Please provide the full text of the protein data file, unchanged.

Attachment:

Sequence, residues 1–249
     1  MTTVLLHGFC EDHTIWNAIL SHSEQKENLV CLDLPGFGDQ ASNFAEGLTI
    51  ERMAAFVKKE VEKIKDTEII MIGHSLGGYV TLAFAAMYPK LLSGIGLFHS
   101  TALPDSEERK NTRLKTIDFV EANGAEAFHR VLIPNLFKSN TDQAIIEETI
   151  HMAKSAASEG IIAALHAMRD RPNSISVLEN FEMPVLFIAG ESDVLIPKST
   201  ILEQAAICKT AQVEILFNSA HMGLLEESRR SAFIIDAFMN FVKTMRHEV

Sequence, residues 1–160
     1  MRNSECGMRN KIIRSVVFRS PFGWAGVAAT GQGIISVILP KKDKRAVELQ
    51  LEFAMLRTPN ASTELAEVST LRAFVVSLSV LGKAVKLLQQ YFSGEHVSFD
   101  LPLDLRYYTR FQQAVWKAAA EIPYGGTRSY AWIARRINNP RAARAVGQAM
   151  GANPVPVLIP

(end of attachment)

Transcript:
Sequence, residues 1–249
     1  MTTVLLHGFC EDHTIWNAIL SHSEQKENLV CLDLPGFGDQ ASNFAEGLTI
    51  ERMAAFVKKE VEKIKDTEII MIGHSLGGYV TLAFAAMYPK LLSGIGLFHS
   101  TALPDSEERK NTRLKTIDFV EANGAEAFHR VLIPNLFKSN TDQAIIEETI
   151  HMAKSAASEG IIAALHAMRD RPNSISVLEN FEMPVLFIAG ESDVLIPKST
   201  ILEQAAICKT AQVEILFNSA HMGLLEESRR SAFIIDAFMN FVKTMRHEV

Sequence, residues 1–160
     1  MRNSECGMRN KIIRSVVFRS PFGWAGVAAT GQGIISVILP KKDKRAVELQ
    51  LEFAMLRTPN ASTELAEVST LRAFVVSLSV LGKAVKLLQQ YFSGEHVSFD
   101  LPLDLRYYTR FQQAVWKAAA EIPYGGTRSY AWIARRINNP RAARAVGQAM
   151  GANPVPVLIP